Bioenergy, Geothermal, Hydropower, Solar, Wind Power

Is Nuclear Energy Renewable Energy?

I just read that President Bush at a renewable energy conference, said, ” Nuclear power is renewable.” He also said coal could be clean. Is nuclear energy renewable and can coal ever be clean? — Donna R., Keene, NH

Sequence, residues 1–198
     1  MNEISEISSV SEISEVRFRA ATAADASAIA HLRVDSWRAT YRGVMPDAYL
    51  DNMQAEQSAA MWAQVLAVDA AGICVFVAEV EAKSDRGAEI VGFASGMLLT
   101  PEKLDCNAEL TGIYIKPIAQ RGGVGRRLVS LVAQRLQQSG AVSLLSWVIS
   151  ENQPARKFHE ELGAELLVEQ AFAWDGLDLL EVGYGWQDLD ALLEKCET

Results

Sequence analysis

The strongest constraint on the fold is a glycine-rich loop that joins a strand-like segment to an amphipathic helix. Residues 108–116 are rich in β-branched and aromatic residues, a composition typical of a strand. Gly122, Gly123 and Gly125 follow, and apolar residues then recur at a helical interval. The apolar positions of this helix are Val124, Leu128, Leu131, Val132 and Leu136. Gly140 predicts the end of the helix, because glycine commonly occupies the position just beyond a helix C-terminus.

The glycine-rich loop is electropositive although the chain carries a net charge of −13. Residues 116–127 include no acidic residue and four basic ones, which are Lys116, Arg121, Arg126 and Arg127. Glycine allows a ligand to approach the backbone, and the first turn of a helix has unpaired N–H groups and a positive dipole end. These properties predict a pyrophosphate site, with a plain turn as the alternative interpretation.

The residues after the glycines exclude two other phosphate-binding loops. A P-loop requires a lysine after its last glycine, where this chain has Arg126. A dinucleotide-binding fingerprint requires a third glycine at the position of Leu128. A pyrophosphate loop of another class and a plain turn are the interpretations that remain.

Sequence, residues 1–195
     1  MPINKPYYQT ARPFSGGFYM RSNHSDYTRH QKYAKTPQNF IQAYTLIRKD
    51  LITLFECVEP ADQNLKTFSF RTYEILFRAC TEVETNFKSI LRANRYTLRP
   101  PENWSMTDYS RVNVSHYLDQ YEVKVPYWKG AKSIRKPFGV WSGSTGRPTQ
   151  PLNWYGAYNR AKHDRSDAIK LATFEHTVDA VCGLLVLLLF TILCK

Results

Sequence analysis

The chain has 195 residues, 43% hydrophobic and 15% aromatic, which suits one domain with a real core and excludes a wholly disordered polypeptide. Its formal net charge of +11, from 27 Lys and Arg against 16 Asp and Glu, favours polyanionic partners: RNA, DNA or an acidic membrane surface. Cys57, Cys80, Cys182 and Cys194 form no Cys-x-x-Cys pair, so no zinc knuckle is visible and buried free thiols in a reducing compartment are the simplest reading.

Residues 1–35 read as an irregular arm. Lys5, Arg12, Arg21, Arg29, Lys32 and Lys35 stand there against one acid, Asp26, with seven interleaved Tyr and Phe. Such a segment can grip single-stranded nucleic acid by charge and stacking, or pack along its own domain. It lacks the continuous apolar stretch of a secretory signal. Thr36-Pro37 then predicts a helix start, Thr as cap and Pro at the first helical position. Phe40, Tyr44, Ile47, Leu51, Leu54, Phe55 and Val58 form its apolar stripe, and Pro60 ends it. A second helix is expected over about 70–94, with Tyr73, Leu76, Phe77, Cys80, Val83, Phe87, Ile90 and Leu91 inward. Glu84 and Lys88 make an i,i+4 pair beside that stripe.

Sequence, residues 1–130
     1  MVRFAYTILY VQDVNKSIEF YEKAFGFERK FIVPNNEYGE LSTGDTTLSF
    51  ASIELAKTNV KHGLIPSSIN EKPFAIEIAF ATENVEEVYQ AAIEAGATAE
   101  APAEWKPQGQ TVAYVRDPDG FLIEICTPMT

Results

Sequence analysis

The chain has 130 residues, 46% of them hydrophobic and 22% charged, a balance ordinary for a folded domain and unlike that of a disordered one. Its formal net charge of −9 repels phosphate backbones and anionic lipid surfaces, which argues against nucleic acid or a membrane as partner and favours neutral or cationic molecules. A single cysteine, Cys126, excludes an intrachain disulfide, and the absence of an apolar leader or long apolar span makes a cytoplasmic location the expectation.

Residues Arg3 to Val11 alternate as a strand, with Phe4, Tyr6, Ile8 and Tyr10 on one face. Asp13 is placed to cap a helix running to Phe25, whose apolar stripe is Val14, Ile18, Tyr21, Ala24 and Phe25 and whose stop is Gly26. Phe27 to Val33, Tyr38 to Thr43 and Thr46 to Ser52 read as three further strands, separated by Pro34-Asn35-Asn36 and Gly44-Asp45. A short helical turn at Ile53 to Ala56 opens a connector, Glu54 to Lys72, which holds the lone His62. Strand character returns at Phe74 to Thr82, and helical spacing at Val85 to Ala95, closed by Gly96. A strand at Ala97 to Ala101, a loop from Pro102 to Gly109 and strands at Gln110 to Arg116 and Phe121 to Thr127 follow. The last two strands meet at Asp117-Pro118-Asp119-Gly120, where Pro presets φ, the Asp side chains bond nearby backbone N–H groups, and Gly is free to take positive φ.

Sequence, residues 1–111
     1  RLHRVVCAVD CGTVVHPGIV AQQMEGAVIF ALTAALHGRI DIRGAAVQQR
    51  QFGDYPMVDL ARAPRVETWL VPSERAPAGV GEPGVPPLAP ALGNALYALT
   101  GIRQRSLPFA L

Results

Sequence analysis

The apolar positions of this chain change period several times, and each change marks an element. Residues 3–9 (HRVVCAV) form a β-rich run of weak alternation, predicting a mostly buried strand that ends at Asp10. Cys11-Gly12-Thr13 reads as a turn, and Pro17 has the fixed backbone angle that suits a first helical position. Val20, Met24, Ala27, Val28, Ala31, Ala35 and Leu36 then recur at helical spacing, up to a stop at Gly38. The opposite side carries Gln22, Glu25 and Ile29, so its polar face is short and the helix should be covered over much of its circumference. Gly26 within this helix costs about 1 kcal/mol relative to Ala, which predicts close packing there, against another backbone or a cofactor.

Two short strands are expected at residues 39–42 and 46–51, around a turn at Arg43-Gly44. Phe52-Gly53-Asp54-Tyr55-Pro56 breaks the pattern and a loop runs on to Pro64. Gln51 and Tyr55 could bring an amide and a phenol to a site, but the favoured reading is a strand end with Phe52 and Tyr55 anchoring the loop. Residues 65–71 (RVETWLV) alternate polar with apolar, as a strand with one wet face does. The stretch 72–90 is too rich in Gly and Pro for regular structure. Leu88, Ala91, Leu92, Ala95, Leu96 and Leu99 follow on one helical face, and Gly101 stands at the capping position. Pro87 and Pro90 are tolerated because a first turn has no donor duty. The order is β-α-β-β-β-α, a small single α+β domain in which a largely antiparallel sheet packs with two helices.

Donna, You are probably referring to the President’s remarks at USDA and USDOE’s conference in St. Louis this week. I will attach the link below to the full text of his speech. Now, to your question. While The President should be lauded for his recent State of the Union speech supporting solar, wind, biofuels, and plug-in hybrids — others in The Administration have been making a concerted effort to integrate nuclear and clean coal into renewable programs — specifically hydrogen RD&D, but others as well. The nuclear industry has been on an aggressive campaign to paint itself as the answer to climate change emissions mitigation. But as we all know, uranium is not renewable, is imported, and the waste from the process has thousands of years of storage requirements — and as the National Academy of Sciences reported, pooled nuclear storage sites are subject to terrorism. Coal, as well, has its challenges, as a new rule approved by The Administration allows companies to ‘blow off’ mountaintops in West Virginia harming farmland and waterways. Coal wastes and slag are still a major problem, and our taxpayer dollars still pay for black and brown lung benefits to coal miners. Attempts to capture carbon are still in its infancy and the costs surpass renewables. Many environmental and health experts are questioning the unregulated emissions, such as mercury, regarding the negative impact on immune systems of people and animals. Neither coal nor nuclear can be considered renewable or clean, when compared to the emissions or wastes from energy efficiency and renewable energy technologies. — Scott Scott Sklar is President of The Stella Group in Washington, DC, a distributed energy marketing and policy firm. Scott, co-author of “A Consumer Guide to Solar Energy,” uses solar technologies for heating and power at his home in Virginia.